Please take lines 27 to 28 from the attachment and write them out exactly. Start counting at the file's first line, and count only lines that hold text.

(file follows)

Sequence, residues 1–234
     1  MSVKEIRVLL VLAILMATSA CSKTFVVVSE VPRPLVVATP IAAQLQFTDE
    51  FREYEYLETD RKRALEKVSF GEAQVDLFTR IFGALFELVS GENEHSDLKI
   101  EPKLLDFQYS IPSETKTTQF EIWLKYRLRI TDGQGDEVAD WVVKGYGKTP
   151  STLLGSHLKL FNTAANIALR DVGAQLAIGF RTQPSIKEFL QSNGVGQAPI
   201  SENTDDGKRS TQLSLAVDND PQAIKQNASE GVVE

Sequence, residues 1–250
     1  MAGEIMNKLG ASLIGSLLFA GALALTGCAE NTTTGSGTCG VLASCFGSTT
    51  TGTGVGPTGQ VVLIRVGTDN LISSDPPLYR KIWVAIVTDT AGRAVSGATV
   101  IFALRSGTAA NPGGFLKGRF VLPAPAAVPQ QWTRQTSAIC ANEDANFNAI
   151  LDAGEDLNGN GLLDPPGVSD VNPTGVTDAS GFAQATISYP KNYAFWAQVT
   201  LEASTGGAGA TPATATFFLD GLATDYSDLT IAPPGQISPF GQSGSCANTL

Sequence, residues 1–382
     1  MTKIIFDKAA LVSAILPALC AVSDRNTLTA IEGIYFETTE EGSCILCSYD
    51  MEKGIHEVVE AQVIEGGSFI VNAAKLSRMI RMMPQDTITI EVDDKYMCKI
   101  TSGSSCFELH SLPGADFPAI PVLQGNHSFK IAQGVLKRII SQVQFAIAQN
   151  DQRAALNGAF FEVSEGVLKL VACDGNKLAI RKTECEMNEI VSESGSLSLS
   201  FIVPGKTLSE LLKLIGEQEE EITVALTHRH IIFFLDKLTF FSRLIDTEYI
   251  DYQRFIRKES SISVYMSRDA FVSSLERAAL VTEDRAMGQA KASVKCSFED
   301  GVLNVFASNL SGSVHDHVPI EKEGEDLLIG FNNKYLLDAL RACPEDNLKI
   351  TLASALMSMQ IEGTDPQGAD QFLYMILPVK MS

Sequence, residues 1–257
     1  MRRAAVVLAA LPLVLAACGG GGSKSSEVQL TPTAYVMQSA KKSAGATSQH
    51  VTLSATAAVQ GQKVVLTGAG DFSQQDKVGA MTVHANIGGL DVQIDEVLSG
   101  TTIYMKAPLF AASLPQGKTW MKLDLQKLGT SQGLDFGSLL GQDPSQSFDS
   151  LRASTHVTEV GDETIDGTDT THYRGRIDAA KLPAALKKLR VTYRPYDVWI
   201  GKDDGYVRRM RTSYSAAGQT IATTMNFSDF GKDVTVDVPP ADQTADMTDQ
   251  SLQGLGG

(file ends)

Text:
   201  GKDDGYVRRM RTSYSAAGQT IATTMNFSDF GKDVTVDVPP ADQTADMTDQ
   251  SLQGLGG